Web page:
Sunday, July 28, 2013

Birds in Dreketi disappearing

from w
It's not surprising to read that the bird-life in Macuata has changed because of de-forestation. Doves, parrots and others. Probably ra qiqi, the special bird of the forest.  A story in the Fiji Times discusses the problem and that the people of Nabavatu want to replant their indigenous trees after too much clearning.

Song of the hills
Theresa Fox
Sunday, July 28, 2013

From the rich green velvety depths of the hillside sprang forth the most joyous music, as the Vaga chorused with the ruve, the kula, the kikau and other singers of the forest in a sweet orchestra.
Every morning and evening, Nabavatu Village was serenaded with these melodies, a delight for villagers who often sought out the vaga or the parrot, which by all accounts was a special occupant of the mountains with her brightly coloured plumes and special "talking" ability.
But that was 40 years ago. These days the village is oddly silent. The threadbare forest is quiet for the musical inhabitants of the hills have disappeared.
Nabavatu Village within Dreketi District in Macuata Province is located 120 kilometres west of Labasa Town, fringing the border with Bua province.
This chiefly village is home to the Vunivalu Dreketi, traditional leader of Nabavatu, Nakanacagi, Vunisea, Nasigasiga and Nabiti within the Dreketi district in Macuata.
It's situated on a rocky hillside overlooking the deepest river in Fiji, the Dreketi River.
Fifty-nine-year-old Esala Tawake, the village headman said they guessed the disappearance of these birds may be linked to the massive clearing of forests for farming.
"They lost their homes so they left," he said.
"There are four clans from three villages that use the hills for farming root-crops and yaqona (kava) so that comes to as many as 400 farmers so there is a lot of farming activity that has happened.
"Whenever one villager decided to do some farming, they went up the mountain, felled big indigenous trees like the dakua, and usually cleared the land by burning so a lot of the forest was destroyed by fire.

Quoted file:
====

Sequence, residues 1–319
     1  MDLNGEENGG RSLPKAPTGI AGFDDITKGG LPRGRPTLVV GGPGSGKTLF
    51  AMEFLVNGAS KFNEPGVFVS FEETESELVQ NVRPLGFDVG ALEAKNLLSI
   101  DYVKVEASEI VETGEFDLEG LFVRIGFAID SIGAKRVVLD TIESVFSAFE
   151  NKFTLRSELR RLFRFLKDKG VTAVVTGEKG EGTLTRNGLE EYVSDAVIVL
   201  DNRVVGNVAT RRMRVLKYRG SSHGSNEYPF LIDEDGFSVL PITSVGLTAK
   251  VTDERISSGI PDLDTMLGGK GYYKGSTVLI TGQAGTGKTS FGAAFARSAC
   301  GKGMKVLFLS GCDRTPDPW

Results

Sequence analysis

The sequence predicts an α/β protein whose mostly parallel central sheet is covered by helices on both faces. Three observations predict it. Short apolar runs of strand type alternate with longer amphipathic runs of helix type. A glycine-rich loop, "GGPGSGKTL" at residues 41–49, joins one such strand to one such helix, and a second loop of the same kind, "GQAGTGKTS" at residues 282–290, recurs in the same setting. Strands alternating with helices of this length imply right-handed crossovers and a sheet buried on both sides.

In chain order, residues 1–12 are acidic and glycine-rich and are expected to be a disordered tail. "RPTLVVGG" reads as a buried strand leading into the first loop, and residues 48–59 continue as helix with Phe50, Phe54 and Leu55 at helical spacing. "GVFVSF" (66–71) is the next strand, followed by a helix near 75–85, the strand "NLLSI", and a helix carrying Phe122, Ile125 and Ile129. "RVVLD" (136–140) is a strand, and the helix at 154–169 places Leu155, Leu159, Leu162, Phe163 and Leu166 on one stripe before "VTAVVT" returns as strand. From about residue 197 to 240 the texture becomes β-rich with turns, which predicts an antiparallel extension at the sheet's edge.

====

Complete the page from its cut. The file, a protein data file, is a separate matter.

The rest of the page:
"Back in those days, we didn't realise or were even aware that we were doing something wrong or even imagine that one day we wouldn't hear those songs anymore."
Along with the birds that made their home in the shelter of the gigantic trees, wild pigs also dwindled in numbers and are now rarely seen.
Wild pig hunts that were a form of ritualistic celebration, a passage of rites of sorts for village boys into manhood, and cultural fun that often broke the dreariness of daily routine, is also a thing of the past.
Areas of land that were not farmed but had been inadvertently cleared were planted with thousands of pine trees.
Life carried on and the missing birds and pigs were missed but their loss never really raised any alarm until water supply was affected.
Tawake said his village was known to be a hydro paradise, with water springs bubbling all over the rocky hillside but even these disappeared as well.
Soon the main water source at a spot called Namatakalou started to dry up thrusting the seriousness of the loss of the forest into the heart of village discussions.
Decisions were made and rules about forest clearing were implemented. Villagers agreed they had to take the first step regrow their lost forests
With the help of WWF-South Pacific's Sustainable Coastal Resource Use Management program team, a reforestation initiative was started on the hills where the vaga once made its home.
The tree planting exercise funded through the Global Environment Facility Small Grants Program was held over two days at the end of which about 1070 seedlings were planted consisting of indigenous and adopted tree species.
The list of tree species included teak, vesi, tavola, marasa, damanu, dakua makadre, dakua salulsau, kaudamu, mandarin, cevua, yasi and camquat lemon.
Trees were also planted near the water source at Namatakalou to protect it.
WWF-South Pacific's Sustainable landuse officer Unaisi Malani noted that reforestation has additional benefits for villagers.
"What they have planted is a big investment not only to the present villagers of Nabavatu but especially for the generation to come," he said.
"Replanting of the local tree seedlings will limit the growth and introduction of exotic plants, and the fruit-bearing seedlings may provide the villagers with food, traditional medicine and some form of income benefiting the households of Nabavatu."
Tawake, the village headman, said they had also decided to harvest their pine trees.
"We believe the deep roots of the pine tree have literally emptied out water stocks and threatened the main one we drink from so we want it removed and replaced with the indigenous trees that we once had," he said.
"We believe that all we have lost will return.
"It may not be witnessed by this generation but we want to give our future generations this gift and protect the source of a basic need which is our water supply.
"The wild pigs will occupy our forests once more and the vaga and other birds that fill up the forests and the hillside with music will also come back.
"We look forward to that day."

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